Finally, the researchers compared satellite images of island lagoons and reefs taken before and after the earthquake: changes in the color of the seawater or reefs indicated a change in the water's depth and hence a rise or fall of the crust at that location.
On the basis of these measurements the researchers found that the 2004 earthquake was caused by rupture of a 1,600-kilometer-long stretch of the megathrust—by far the longest of any recorded earthquake. The breadth of the contact surface that ruptured ranged up to 150 kilometers.
Over this huge contact area, the surfaces of the two plates slid against each other by up to 18 meters._On the basis of these data, the researchers calculated that the so-called moment-magnitude of the earthquake (a measure of the total energy released) was 9.15, making it the third largest earthquake of the past 100 years and the largest yet recorded in the few decades of modern instrumentation.
"This earthquake didn't just break all the records, it also broke some of the rules," said Kerry Sieh, the Sharp Professor of Geology at Caltech and one of the authors of the Nature paper.
According to previous understanding, subduction megathrusts can only produce massive earthquakes if the oceanic plate is young and buoyant, so that it locks tightly against the overriding continental plate and resists rupture until an enormous amount of strain has accumulated. To the south of the Sumatra-Andaman earthquake where the plate is old, "there is now greater concern about a great earthquake on the section of the Sunda megathrust adjacent to the densely populated island of Java," said Bock. "Before the Sumatra-Andaman event, this tectonic environment was not thought to produce great earthquakes. The findings of our paper should provide concern to Indonesian disaster planners."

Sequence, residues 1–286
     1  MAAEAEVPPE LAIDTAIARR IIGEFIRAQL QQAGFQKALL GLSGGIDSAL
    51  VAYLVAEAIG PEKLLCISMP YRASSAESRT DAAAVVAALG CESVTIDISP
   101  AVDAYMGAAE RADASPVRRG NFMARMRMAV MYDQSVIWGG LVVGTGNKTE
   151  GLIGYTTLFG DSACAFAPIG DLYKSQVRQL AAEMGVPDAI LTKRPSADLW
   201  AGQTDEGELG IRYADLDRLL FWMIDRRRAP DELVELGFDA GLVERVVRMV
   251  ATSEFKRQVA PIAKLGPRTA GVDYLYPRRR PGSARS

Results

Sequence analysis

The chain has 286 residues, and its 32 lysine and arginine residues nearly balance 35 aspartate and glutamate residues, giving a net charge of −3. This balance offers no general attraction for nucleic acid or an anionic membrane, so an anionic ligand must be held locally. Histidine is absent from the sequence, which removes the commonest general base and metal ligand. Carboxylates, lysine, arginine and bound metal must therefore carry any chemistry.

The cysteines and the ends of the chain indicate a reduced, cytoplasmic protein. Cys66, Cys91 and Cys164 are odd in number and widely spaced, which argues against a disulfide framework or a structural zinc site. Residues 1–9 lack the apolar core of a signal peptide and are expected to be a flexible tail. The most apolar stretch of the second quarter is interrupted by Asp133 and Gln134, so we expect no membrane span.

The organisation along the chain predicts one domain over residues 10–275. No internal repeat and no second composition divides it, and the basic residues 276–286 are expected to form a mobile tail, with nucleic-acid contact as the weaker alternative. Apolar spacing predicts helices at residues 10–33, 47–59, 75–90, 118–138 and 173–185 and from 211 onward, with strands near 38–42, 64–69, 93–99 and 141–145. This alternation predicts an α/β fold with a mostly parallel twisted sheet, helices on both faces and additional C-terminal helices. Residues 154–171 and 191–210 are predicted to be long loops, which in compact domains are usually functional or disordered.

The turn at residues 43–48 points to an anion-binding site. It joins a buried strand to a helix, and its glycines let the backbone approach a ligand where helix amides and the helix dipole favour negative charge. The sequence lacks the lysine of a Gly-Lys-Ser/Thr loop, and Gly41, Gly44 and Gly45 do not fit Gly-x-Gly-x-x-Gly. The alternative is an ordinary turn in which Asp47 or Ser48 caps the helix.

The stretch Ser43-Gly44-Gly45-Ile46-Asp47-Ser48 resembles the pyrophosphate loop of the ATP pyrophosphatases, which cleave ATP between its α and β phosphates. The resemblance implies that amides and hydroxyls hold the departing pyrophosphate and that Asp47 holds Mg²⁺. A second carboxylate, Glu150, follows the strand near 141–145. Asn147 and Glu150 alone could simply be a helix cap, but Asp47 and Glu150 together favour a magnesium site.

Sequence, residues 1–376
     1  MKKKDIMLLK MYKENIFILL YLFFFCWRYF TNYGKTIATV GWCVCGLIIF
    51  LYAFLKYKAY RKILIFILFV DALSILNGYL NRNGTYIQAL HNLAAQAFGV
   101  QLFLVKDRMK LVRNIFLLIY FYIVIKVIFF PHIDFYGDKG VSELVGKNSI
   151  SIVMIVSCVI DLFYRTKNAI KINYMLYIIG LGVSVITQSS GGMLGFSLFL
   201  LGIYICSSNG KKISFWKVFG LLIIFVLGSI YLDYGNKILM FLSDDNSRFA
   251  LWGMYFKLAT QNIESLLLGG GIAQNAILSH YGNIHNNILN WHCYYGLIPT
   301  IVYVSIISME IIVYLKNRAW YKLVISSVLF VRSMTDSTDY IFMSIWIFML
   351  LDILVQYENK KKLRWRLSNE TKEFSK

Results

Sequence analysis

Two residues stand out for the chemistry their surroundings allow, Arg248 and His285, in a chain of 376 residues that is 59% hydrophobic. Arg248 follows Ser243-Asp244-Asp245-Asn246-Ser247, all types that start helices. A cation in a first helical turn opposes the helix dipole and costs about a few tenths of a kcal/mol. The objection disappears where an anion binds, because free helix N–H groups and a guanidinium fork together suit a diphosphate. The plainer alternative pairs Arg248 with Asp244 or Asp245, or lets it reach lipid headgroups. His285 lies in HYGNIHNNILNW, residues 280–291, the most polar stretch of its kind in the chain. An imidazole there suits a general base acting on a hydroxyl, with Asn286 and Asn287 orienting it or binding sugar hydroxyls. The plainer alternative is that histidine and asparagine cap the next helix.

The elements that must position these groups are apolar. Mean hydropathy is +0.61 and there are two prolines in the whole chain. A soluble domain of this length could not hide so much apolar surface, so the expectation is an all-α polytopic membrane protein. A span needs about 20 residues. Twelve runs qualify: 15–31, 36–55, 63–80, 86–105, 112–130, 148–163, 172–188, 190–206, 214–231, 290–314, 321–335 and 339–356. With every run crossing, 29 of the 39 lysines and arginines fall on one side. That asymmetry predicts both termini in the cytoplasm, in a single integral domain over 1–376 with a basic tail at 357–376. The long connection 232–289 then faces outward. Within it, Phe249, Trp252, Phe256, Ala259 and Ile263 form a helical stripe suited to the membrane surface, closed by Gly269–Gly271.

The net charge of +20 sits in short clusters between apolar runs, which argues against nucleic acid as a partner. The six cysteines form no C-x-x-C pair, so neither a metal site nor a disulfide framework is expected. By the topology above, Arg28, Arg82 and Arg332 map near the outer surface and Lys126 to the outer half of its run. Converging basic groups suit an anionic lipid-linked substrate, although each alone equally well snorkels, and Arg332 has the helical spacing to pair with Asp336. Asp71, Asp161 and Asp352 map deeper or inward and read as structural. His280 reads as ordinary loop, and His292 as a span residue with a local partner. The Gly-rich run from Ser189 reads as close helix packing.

Scientists have also thought that that the rate of relative motion between the colliding plates must be high for a giant earthquake to occur. Both of these conditions are true off the southern coast of Chile, where the largest earthquake of the past century occurred, in 1960.
Yet another factor that should have lessened the likelihood of a giant earthquake in the Indian Ocean is the fact that the oceanic crust is being stretched by formation of a so-called back-arc basin off the continental margin.
"For all these reasons, received wisdom said that the giant 2004 earthquake should not have occurred," said Jean-Philippe Avouac, a Caltech professor of geology, who is also a contributor to the paper. "But it did, so received wisdom must be wrong. It may be, for example, that a slow rate of motion between the plates simply causes the giant earthquakes to occur less often, so we didn't happen to have seen any in recent times—until 2004."
Many subduction zones that were not considered to be at risk of causing massive earthquakes may need to be reassessed as a result of the 2004 disaster. "For example, the Ryukyu Islands between Taiwan and Japan are in an area where a large rupture would probably cause a tsunami that would kill a lot of people along the Chinese coast," said Sieh. "And in the Caribbean, it could well be an error to assume that the entire subduction zone from Trinidad to Barbados and Puerto Rico is aseismic. The message of the 2004 earthquake to the world is that you shouldn't assume that your subduction zone, even though it's quiet, is incapable of generating great earthquakes."